Copyright at Georgian

Library & Academic Success Copyright Team

Library & Academic Success Copyright Team

Library &<br/>Academic Success



This guide was designed solely for informational purposes for Georgian College students, faculty & staff.

All other users are encouraged to check and confirm the information with their institution.

This site is prepared by library staff and is not reviewed by legal counsel.

What is Copyright?

Copyright is the right to copy or reproduce a legally protected work. Copyright law protects creators' rights while allowing users some rights to copy or reproduce a legally protected work. 

In Canada, a work is automatically protected by copyright once it becomes fixated (saved, printed, written, drawn, etc.).  Copyright protection exists whether or not a copyright symbol appears on the work.


Video Source: Innovation, Science and Economic Development Canada. (2016). What is a copyright? (Canada) [Video]. YouTube. . 

Canada's  Copyright Act  defines

  • what is protected by copyright,
  • the protection for the different types of works under copyright,
  • the rights of those who create the works,
  • the rights of those who use those works and
  • all the ways in which the works can be copied, shared and used

Included in the Act are legal exceptions to Copyright such as Fair Dealing and other exceptions specific to academic institutions and libraries.

What does Copyright protect? 

Copyright protects literary and artistic creations such as: 

  • Literary works: books, pamphlets, other works consisting of text
  • Dramatic works: motion picture films, plays, screenplays, scripts
  • Musical works: compositions with or without words
  • Artistic works: paintings, drawings, maps, photographs, sculptures, plans, blueprints
  • Digital works: Software, computer code, websites

Copyright does not protect ideas, procedures, mathematical concepts or facts!

Who owns Copyright?

Authors or creators of Copyrighted works have both economic and moral rights.

  • Authors:
    The owner of copyright is often the author of the work. The author can sell, licence, transfer or give away their copyright in its entirety or in parts.  When permission to use the copyrighted material is needed, only the author or the present copyright owner can grant this permission.
  • Employers or Publishers:
    In some cases, it may be an organization or company that is the copyright owner, if the author was employed by a company or under contract to create the work.  Publishing or other contracts may transfer copyright ownership rights to a publisher.  In either of these cases, the employer or the publisher would be the copyright owner, not the original author/creator.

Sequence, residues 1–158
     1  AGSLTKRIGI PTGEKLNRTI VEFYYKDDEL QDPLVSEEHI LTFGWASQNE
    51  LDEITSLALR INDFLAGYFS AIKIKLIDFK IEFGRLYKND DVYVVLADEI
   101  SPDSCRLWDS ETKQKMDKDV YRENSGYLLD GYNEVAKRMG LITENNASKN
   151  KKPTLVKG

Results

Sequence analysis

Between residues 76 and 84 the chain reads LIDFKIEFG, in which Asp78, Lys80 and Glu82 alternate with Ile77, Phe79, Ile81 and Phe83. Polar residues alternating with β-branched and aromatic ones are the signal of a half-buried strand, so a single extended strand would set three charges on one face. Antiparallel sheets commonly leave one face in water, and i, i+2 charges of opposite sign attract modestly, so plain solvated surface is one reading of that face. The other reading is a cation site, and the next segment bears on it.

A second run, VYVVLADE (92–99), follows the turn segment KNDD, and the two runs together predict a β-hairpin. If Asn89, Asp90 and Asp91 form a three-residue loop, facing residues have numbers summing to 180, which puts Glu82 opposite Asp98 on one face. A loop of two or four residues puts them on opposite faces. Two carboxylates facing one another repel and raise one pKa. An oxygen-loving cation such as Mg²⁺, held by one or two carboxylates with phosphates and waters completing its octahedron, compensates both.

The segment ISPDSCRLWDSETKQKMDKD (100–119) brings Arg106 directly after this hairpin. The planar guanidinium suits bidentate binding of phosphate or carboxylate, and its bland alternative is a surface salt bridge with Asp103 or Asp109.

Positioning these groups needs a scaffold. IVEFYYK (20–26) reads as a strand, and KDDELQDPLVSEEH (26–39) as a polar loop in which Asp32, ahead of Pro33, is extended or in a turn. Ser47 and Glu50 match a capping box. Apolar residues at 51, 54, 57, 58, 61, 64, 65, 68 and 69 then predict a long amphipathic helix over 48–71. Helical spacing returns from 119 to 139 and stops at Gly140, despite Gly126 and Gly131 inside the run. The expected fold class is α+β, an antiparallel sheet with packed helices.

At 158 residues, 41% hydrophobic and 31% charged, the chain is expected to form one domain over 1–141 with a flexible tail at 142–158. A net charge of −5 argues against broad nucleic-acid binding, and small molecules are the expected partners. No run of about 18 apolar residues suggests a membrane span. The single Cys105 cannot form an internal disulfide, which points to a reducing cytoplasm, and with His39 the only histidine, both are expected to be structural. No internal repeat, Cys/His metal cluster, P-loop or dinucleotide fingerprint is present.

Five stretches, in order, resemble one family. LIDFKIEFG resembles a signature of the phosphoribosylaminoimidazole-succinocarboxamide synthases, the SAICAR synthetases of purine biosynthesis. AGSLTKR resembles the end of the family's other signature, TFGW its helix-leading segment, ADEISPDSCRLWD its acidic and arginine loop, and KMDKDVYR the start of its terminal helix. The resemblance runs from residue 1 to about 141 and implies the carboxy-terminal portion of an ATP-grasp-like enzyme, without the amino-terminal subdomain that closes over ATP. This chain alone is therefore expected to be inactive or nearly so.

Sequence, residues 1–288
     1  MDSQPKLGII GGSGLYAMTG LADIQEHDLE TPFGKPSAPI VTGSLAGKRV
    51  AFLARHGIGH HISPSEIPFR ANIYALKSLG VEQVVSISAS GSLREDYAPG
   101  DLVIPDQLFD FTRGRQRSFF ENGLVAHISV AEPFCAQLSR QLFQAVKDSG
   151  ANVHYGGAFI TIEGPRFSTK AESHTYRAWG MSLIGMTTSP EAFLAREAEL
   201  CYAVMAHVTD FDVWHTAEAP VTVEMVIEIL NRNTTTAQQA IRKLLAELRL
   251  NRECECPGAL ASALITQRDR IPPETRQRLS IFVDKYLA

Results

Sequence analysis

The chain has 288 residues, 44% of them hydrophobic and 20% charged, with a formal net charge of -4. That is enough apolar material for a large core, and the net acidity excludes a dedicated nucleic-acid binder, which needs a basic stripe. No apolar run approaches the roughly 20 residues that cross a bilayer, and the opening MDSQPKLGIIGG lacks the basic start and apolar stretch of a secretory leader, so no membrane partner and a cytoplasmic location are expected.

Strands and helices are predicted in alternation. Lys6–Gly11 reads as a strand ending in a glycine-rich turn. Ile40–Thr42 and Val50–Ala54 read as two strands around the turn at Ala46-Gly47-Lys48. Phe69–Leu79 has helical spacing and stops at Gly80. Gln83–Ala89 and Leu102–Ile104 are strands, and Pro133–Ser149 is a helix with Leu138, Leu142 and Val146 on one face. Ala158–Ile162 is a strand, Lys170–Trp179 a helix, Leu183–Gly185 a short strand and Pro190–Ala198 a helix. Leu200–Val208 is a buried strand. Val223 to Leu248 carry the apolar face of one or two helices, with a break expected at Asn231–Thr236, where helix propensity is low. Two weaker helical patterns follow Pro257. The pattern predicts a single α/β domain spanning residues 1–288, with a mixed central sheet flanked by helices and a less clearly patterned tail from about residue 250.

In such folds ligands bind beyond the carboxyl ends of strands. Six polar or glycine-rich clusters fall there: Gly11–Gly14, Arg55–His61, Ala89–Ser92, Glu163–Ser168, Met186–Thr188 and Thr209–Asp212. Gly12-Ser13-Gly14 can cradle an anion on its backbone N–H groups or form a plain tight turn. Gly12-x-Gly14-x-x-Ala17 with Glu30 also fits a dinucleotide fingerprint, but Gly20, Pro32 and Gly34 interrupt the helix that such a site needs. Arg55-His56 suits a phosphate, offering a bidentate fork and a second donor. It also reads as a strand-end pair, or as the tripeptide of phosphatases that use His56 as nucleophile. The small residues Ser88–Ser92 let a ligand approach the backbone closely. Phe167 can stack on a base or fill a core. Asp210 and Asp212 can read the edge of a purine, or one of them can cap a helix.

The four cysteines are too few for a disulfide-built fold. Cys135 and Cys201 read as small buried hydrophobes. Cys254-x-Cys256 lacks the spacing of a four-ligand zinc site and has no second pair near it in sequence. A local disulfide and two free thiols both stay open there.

• Other Creators:
    Depending on the medium of the creation, the copyright owner may be the performer, the maker, the broadcaster, the creator or the purchaser. 

Economic and Moral Rights

Economic rights include the right to produce, reproduce, publish, distribute, perform or sell their works. Moral rights can be waived but cannot be transfer to another person or given away. Moral rights include:

  1. The right to be anonymous or use a pseudonym.

  2. The right to prevent distortion, mutilation or modification of your work.

  3. The right to be credited for your work or not.

What is Copying?

Copying includes all forms of reproduction including: 

  • photocopying
  • printing
  • photographing
  • taking a screen capture
  • scanning
  • downloading 

It can also mean to share, perform and recreate. 

What is the Public Domain?

The Public Domain refers to works are no longer protected by copyright - they now belong to the public.  

In Canada, copyright lasts the lifetime of the author + 70 years*. After this period, the work enters the public domain and can be used free of charge by others without the need to request permission. Some examples of content that are in the Public Domain include the text of Shakespeare's original plays and the original Winnie-the-Pooh character (not the Disney version, with red shirt),

Sources of content for works that are in the Public Domain:

  • The Internet Archive: a non-profit collection of public domain books, movies, software, music, webs and more. 
  • Project Gutenberg:  one of the largest collections of works in the Public Domain.

We recommend that you always cite your source - even if the work is found in the Public Domain!

*NEW: As of December 30, 2022, the duration of Copyright in Canada has been adjusted to 70 years after the author's death.

Additional Reading & Resources

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